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RUSHKOFF: Right, and if it's a Nike ballpark, and you go there, and make that one concession to corporate America, then maybe you don't have to have marketing blasting at you through the loudspeakers during every break. "This touchdown brought to you by bla bla airlines." They actually pay for the touchdowns, you know. It would make for a better game. And it would separate the emotional vulnerability we experience at a sporting event from the coercive techniques of marketers.

A sports spectacle is a great engine for generating the sort of unbridled optimism and enthusiasm we were talking about earlier. The Roman games were so good at generating support for politicians that it was illegal to have a gladiatorial contest within three months of an election. They were aware of just how much that dictator's thumb, up or down, could affect the entire crowd ­ and its relationship to the leader. Hitler used the spectacle, Farrakhan uses the spectacle. Promise Keepers use the spectacle; they craft their events around the tested emotional responses of their target market.

The role of any coercive technique is to suspend someone's ability to think rationally, so that they can be made to act on their emotions. It's a simple formula used by Hitler, Farrakhan, and Promise Keepers alike, as well as many multi-level marketers at their rallies. Exploit the anonymity of the mob so that everyone expresses long-repressed emotions. Label the oppressive force as a common enemy, stoke the crowd's rage and, once it's reached a peak, entreat the assembled mass to take an oath. They all must promise to sustain this righteous rage after they've left the rally. It's locked in, like a post-hypnotic suggestion.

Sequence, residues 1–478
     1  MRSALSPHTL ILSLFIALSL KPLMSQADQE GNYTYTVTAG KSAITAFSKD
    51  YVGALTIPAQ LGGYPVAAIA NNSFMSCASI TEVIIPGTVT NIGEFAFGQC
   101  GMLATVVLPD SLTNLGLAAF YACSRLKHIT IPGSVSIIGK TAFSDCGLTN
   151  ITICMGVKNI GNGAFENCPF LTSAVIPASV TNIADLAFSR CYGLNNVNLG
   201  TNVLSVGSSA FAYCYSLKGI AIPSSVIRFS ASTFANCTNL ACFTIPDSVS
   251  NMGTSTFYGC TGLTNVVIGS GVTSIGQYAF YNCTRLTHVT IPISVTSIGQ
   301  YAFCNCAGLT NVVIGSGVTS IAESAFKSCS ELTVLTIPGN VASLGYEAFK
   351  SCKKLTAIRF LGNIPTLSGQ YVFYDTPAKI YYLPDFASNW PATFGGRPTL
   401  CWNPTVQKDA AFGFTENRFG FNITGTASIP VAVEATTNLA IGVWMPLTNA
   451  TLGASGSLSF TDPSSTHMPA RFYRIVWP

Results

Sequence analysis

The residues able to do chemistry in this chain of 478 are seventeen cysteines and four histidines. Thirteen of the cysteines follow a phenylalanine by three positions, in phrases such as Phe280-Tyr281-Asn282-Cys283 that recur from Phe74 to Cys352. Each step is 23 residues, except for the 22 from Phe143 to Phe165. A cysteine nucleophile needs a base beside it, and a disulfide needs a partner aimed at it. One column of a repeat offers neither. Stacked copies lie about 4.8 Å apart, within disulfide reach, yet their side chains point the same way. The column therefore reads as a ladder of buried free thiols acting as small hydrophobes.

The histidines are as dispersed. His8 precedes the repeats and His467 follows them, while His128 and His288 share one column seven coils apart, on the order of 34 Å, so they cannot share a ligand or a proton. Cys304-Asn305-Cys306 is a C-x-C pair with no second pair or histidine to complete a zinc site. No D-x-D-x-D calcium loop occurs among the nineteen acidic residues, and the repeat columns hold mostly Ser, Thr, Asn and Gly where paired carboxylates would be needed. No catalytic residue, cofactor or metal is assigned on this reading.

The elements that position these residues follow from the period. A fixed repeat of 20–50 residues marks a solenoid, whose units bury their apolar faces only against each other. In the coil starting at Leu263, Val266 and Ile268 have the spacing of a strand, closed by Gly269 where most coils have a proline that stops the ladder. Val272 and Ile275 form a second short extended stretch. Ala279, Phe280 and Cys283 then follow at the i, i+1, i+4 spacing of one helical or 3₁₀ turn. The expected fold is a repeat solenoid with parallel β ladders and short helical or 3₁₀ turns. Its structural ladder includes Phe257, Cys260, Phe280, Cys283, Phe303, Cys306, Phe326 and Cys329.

Sports spectacles today are rallies designed to promote our allegiance to corporations. I went to a Jets game where Outback steak houses handed out small signs to every fan. When the Jets sacked the opposing team's quarterback we were supposed to hold up the sign, which read "Sack Attack." On the back of the sign, however, facing each fan it read "Outback Steak House." They took the most aggressive, most carnivorous moment of a football game, where we sack the opposing quarterback, and used it as an opportunity to program us with Outback Steak House, So now we're going to associate the steakhouse with "Ah, we killed them!"